Worn-out or damaged common areas in community associations can hurt overall property values and send the wrong message. Of course, a newly-refurbished grand entrance and beautiful common areas that give owners bragging rights are universally popular.
But when it comes to paying for that refurbished lobby, the consensus can break down. Some owners may want replicas instead of original art to save money, or low-maintenance floor tiles in place of carpet that needs frequent shampooing. And if the lobby and common areas aren’t “too awful,” there are always a handful of frugal owners who insist renovating can wait “a year or two.”
With such a multitude of interests, how does a condominium determine when its common areas are due for renovation, and how much renovationis in order?
For all renovation projects, it’s up to the board members to make the aesthetic and economic decisions, while maintaining a balance of interests. Juggling these challenges is not an easy task, especially when faced with homeowners whose interests are diverse and often cross-generational, and who maynot be sold on the project’s value.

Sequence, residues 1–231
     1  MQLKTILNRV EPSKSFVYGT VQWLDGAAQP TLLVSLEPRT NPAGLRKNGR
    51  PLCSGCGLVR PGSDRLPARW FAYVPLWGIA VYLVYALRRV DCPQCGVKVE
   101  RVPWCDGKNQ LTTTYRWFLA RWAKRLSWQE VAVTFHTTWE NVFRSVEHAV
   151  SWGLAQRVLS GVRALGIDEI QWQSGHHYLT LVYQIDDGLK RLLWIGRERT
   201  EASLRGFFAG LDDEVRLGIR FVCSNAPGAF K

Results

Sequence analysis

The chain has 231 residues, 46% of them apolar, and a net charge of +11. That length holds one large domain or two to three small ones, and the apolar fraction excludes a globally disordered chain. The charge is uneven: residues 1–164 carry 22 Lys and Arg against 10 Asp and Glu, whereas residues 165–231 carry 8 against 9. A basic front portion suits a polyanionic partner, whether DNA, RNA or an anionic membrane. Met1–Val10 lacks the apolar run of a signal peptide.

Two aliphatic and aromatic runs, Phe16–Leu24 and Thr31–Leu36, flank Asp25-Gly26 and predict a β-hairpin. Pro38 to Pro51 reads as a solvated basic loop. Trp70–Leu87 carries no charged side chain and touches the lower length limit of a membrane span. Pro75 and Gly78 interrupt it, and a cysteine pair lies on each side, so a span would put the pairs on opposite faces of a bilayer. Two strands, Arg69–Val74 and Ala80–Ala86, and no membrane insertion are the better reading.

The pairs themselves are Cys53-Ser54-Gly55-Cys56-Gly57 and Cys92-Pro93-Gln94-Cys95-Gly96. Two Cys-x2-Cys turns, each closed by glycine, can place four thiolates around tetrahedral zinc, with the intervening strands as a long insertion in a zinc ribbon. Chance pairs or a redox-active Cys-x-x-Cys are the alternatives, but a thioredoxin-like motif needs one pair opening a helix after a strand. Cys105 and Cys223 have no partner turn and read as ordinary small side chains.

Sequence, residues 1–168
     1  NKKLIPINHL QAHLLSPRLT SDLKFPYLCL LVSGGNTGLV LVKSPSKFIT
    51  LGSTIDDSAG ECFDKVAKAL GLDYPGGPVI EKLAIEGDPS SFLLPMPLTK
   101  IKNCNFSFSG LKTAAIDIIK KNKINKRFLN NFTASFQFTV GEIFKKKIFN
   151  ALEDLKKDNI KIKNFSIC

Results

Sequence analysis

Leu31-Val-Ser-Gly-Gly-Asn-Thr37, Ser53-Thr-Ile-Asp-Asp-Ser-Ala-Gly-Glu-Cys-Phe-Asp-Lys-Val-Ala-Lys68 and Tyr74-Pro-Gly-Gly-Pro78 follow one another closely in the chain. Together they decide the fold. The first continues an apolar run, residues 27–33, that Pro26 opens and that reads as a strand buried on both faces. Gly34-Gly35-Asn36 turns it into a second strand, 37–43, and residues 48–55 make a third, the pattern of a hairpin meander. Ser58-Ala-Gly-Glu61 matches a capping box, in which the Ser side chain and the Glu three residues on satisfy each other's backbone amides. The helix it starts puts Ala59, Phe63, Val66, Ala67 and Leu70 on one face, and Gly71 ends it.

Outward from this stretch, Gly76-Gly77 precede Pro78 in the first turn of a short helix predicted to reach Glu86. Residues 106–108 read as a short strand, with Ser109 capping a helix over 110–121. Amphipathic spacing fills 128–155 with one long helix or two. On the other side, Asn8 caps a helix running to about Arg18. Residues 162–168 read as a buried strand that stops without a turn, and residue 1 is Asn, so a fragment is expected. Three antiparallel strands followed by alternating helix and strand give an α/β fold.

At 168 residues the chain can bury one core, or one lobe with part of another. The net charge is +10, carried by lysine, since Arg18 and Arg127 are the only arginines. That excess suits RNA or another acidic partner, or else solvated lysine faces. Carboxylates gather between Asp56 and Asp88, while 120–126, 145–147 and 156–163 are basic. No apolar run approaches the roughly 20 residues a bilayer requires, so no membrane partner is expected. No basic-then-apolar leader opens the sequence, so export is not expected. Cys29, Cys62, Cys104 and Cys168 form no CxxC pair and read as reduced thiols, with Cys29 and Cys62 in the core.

Robert Brown, chairman of the Board of Trustees at Thomas Graves Landing Condominiums in Cambridge, Massa-chusetts, recognizes these challenges. According to Brown, “The hardest challenge for the board when faced with capital improvement projects is keeping a balance between controlling costs and maintaining and enhancing the value of the property.” David J. Levy, PCAM, president of Sterling Services, Inc. a property management company in Holliston, Massachusetts, agrees. “There is a division of interests amongst residents which requires balance. One faction wants their building to look great, no matter the cost. The other faction stands firm, stating there is no way you will spend that much of their money.” With over 20 years of experience addressing these issues, Levy believes “the key to a successful renovation project is beingas inclusive as possible in getting all of the shareholders involved as early as possible, often years in advance.”